During 4thweek ventral aspect of cranialThickening develop in lateral &most part of foregut called pharyngeal/branchial arches.
Later pharyngeal arches grow. First Branchial arch called MANDIBULAR ARCH . It grows ventro-medially cranial to main part of the arch which is called .
Primary cartilage of firstpharyngeal arch isMeckel’s cartilage helpsin formation of lowerjaw.Meckel’s cartilage firstappear at 6th week IUL.
Ossification starts atthe division of mentaland incisive branch ofinferior alveolar nervelateral to meckel’scartilage around 6th week IUL.
Centre of ossification From center of ossification bone formation spreads: Anteriorly - midline Posteriorly - where mandibular nerve divided into lingual and inferior alveolar branch. Bone formation spreads rapidly and surrounds the inferior alveolar nerve to form mandibular canal. Intramembranous ossification spreads in anterior and posterior direction forms the Body & Ramus of the mandible.
Ossification spread posteriorly to form ramus of mandible, turning away from meckel’s cartilage. Ossification stops at site where it whould be Lingula. Major cartilage disappears .
Between 10th and 14th week three secondary cartilage develops: I. Condylar cartilage – largest and appear beneath the fibrous articular layer of future condyle. II. Coronoid cartilage - seen associated with coronoid process.
Mandible develops largely by intramembranous ossification and by endochondral ossification in : 1. Condylar process 2. Coronoid process 3. Mental region
CONDYLAR PROCESS appear as separate Develops from condylar cartilage area of mesenchymal condensation along developing mandible around 8th week. This area develop in cone-shaped cartilage around 10th week. By the 14th week first evidence of endochondral bone formation appear in condylar region.
• Cartilage fuses with mandibular ramus around 4th month.
Cartilage replaced by bone but upper end persists in adulthood acting as Growth and Articular cartilage. Condylar growth rate increases at puberty . Peaks between 12 to 14 years of age.
Secondary cartilage appears in coronoid process around 10-14th week. Cartilage grow as a response of developing temporalis muscle. Coronoid cartilage become incorporated into expanding intramembranous bone of ramus and disappear before birth.
MENTAL REGION Throughout intrauterine life left and right mandible are not fused at midline. Joined by connective tissue at midline. On either side of symphysis, symphyseal cartilage appear between 10th & 14th week postconception.
MENTAL REGION Ossify in 7th month to form mental ossicles in fibrous tissue of symphysis. Mental ossicles fuses with mandibular body at the end of first year after birth.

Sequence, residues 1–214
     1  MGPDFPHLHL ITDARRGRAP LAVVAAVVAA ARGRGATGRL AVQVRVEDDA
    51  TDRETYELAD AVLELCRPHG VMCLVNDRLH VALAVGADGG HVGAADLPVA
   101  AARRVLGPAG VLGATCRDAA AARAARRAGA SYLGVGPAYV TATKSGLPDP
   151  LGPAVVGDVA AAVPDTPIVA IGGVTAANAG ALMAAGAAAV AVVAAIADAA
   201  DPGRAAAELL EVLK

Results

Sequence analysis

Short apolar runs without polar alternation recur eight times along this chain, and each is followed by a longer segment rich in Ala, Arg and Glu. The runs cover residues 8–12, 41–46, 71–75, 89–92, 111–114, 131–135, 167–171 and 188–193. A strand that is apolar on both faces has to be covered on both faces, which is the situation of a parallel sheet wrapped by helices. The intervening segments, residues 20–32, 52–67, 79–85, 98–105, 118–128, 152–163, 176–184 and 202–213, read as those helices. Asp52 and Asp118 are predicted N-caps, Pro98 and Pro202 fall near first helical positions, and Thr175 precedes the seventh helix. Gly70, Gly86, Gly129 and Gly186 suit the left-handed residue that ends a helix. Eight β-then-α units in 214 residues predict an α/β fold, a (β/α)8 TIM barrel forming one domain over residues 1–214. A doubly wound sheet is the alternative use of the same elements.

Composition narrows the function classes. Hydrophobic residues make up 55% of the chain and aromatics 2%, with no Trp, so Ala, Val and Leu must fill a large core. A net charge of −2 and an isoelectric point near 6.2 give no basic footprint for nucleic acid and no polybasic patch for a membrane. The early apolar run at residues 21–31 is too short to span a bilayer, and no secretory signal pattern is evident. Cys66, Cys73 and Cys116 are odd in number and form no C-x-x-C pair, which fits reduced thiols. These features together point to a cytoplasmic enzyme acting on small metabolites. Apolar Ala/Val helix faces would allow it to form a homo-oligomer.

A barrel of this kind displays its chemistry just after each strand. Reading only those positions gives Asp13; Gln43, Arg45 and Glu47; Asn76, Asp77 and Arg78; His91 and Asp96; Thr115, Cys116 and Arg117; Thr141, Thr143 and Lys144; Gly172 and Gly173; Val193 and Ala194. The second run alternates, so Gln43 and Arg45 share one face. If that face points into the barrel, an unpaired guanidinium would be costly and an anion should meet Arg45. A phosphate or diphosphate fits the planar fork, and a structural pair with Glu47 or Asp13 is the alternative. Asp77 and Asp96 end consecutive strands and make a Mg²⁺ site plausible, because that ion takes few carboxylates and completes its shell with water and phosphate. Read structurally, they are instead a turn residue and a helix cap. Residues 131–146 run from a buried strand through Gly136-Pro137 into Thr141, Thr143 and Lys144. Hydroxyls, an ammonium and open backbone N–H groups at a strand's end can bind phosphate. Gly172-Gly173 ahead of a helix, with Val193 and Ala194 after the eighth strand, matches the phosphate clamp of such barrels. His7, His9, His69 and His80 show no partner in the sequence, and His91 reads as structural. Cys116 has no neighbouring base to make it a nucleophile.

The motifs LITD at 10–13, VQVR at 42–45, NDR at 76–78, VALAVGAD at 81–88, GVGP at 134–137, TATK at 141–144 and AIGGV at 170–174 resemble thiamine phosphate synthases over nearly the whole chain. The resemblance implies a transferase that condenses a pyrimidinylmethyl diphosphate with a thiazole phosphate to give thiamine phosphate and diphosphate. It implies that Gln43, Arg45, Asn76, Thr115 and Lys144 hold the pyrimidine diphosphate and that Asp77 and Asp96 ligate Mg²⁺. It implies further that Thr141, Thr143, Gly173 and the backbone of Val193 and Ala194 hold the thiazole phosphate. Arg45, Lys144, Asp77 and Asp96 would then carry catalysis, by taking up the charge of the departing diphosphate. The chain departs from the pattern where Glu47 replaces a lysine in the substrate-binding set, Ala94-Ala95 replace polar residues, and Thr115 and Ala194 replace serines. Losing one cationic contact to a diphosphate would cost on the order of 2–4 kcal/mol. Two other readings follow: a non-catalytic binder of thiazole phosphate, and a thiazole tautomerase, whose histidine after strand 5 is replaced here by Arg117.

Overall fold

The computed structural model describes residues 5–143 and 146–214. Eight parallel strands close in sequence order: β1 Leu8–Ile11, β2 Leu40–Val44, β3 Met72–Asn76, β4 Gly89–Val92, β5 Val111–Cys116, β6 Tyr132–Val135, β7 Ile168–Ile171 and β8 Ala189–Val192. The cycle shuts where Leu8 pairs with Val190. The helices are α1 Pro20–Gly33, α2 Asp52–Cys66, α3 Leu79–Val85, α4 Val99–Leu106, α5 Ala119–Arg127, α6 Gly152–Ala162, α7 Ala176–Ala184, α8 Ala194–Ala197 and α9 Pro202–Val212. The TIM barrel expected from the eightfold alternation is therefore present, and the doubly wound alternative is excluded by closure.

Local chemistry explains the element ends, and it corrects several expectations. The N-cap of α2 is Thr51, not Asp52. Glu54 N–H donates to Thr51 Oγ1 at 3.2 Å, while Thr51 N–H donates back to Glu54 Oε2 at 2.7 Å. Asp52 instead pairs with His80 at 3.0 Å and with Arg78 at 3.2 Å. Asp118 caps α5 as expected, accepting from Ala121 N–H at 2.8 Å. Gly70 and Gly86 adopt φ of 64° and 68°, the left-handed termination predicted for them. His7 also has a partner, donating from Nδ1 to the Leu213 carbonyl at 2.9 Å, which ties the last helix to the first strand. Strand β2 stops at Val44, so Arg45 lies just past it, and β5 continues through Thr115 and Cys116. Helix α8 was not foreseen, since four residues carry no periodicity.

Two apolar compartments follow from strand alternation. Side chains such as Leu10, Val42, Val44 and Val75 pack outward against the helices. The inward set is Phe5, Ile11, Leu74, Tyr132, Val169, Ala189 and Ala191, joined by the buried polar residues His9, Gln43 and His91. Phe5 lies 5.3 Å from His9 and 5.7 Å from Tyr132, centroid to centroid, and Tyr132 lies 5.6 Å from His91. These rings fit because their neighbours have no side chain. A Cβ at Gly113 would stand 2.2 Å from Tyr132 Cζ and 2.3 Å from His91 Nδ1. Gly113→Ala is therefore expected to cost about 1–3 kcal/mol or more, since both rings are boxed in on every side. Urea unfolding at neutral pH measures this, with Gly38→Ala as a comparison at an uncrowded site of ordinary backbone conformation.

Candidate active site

• Mandible undergoes greatest amount of postnatal growth of all facial bones.
Major site of mandibular growth. Growth of condylar cartilage increases length & height of mandible. Interstitial & appositional growth within plate produce linear movement of condyle in upward & backward direction towardstemporal bone.
.• Cartilage plate moves by growth on one side & bone replacement on other side.• As condylar growth cartilage moves obliquely upward & posteriorly - entire head of condyle moves in same direction by forming new condyle behind moving cartilage.• This process is continuous & condyle moves by growth.
• Formation of bone within condyle causes mandible rami to grow Upward & Backward• Displacing entire mandible in Downward & Forward direction.
• As ramus elongates, former level occupied by head remodeled into upper neck• Buccal & lingual cortical plates moves inward towards each other results in reduced transverse dimension of neck.
SIGMOID NOTCH• The height of the ramus increased by : - addition of new bone along the entire superior surface of the sigmoid notch only at lingual surface.
SIGMOID NOTCH• Bone deposition –• post. Border of• coronoid process• Bone resorption -• ant. Face of neck.
• To produce backward movement of ramus : - Ant. Margin of ramus & coronoid process, must undergo progressive removal.-Forward facing ant. Border of coronoid process is resorptive around temporal crest on lingual side. -Greater portion of lingual surface is depositive -Entire buccal surface is resorptive. Light stippling – bone deposition Dark stippling – bone resorption
• Coronoid process follows “v” principle.• Movement of this v towards its wider ends.• Bone Deposition - inner surface• Bone Resorption - outer surface• Which bring about growth in upward & backward direction..
• BONE DEPOISITION - lingual surface (+ +)• BONE RESORPTION - buccal surface (- -)
• Ramus moves backward in relation to body of mandible• Post. displacement of ramus converts the formal ramal bone in post. Part of body of mandible.• Body of mandible lengthens & increase in mandibulararch to accommodate erupting permanent molars.
• Bone deposition (++) post. border of Ramus• Bone resorption (--) ant. border of Ramus• Leads to AP growth of mandibe
• Growth of chin occurs at puberty .• Chin become prominent at puberty especially in males, by selective remodelling.• Alveolar region growths posteriorly.• Mental protuberance growths forwardly.• Which brings increase projection of chin.
•Bone deposition - mental protuberance.•Bone resorption - alveolar region above theprominence, creating a concavity.
• Alveolar growth occurs around tooth buds.• As teeth develop & begin to erupt, alv. Process increases in size & height.• Continued growth of alveolar Bone increases height of mandibuar body.
• Alveolar Process growths upward & outward on expanding arch.